If the person whose consent is so required as aforesaid is an infant or lacks capacity (within the meaning of the Mental Capacity Act 2005) to give the consent, it shall be given on his behalf by his parents or parent, testamentary or other guardian, . . or a person appointed as deputy for him by the Court of Protection, or if, in the case of an infant, there is no such parent or guardian, by the court on the application of his next friend;
no consent (save of such trustee as aforesaid) shall be required on behalf of a person who may come into existence after the time of appropriation, or who cannot be found or ascertained at that time;
(iv) if no deputy is appointed for a person who lacks capacity to consent, then, if the appropriation is of an investment authorised by law or by the will, if any, of the deceased for the investment of money subject to the trust, no consent shall be required on behalf of the said person;
(v) if, independently of the personal representative, there is no trustee of a settled legacy share or interest, and no person of full age and capacity entitled to the income thereof, no consent shall be required to an appropriation in respect of such legacy share or interest, provided that the appropriation is of an investment authorised as aforesaid.
(1A) The county court has jurisdiction under proviso (ii) to subsection (1) of this section where the estate in respect of which the application is made does not exceed in amount or value the county court limit.
(2) Any property duly appropriated under the powers conferred by this section shall thereafter be treated as an authorised investment, and may be retained or dealt with accordingly.
(3) For the purposes of such appropriation, the personal representative may ascertain and fix the value of the respective parts of the real and personal estate and the liabilities of the deceased as he may think fit, and shall for that purpose employ a duly qualified valuer in any case where such employment may be necessary; and may make any conveyance (including an assent) which may be requisite for giving effect to the appropriation.
(4) An appropriation made pursuant to this section shall bind all persons interested in the property of the deceased whose consent is not hereby made requisite.
(5) The personal representative shall, in making the appropriation, have regard to the rights of any person who may thereafter come into existence, or who cannot be found or ascertained at the time of appropriation, and of any other person whose consent is not required by this section.
(6) This section does not prejudice any other power of appropriation conferred by law or by the will (if any) of the deceased, and takes effect with any extended powers conferred by the will (if any) of the deceased, and where an appropriation is made under this section, in respect of a settled legacy, share or interest, the property appropriated shall remain subject to all trusts and powers of leasing, disposition, and management or varying investments which would have been applicable thereto or to the legacy, share or interest in respect of which the appropriation is made, if no such appropriation had been made.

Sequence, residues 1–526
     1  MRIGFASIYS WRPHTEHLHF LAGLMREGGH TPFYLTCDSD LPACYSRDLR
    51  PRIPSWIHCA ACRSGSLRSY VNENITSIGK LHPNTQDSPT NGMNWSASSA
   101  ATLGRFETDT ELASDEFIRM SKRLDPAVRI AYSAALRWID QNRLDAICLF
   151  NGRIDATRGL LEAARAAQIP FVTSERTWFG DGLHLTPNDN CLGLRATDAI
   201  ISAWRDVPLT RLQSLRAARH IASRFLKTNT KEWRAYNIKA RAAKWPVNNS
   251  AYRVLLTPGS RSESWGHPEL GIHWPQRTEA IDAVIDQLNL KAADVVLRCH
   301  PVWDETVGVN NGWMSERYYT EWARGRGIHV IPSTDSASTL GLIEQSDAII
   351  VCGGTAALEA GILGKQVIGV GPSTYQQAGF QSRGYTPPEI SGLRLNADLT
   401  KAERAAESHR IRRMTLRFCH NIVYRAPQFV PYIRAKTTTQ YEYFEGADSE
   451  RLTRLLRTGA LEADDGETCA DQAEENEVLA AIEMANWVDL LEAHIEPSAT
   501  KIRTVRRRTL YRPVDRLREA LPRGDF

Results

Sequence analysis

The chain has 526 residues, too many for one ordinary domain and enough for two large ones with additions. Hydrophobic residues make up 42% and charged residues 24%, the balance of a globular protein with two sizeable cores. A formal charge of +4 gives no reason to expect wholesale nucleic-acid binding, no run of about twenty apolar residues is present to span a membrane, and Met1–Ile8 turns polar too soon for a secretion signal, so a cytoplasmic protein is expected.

(7) If after any real estate has been appropriated in purported exercise of the powers conferred by this section, the person to whom it was conveyed disposes of it or any interest therein, then, in favour of a purchaser, the appropriation shall be deemed to have been made in accordance with the requirements of this section and after all requisite consents, if any, had been given.
(8) In this section, a settled legacy, share or interest includes any legacy, share or interest to which a person is not absolutely entitled in possession at the date of the appropriation, also an annuity, and “purchaser” means a purchaser for money or money’s worth.
(9) This section applies whether the deceased died intestate or not, and whether before or after the commencement of this Act, and extends to property over which a testator exercises a general power of appointment, including the statutory power to dispose of entailed interests, and authorises the setting apart of a fund to answer an annuity by means of the income of that fund or otherwise.’
‘Where assets are being appropriated by a personal representative in satisfaction of his own interest as a beneficiary in the estate, self-dealing questions arise (Kane v Radley-Kane  1 Ch 274). If the personal representative wishes to take the asset himself, agreement to the act of appropriation and to the valuation used, with all the interests affected by the appropriation, will be necessary. This is because the transaction places the personal representative in a position of conflict between his personal interests and his duty toward the other beneficiaries of the estate. Without the agreement of those also interested, the personal representative must satisfy his beneficial interest by the appropriation of cash or assets which have an open and independently verifiable value such as quoted stocks and shares.’ (‘A Practitioner’s Guide To Legacies’, by Martyn Frost, Paul Saunders, Arabella Saker, Geoffrey Shindler, Tim Stone, Richard Wilson’ (2003) Lexi Nexis Tolley, paragraph 12.3).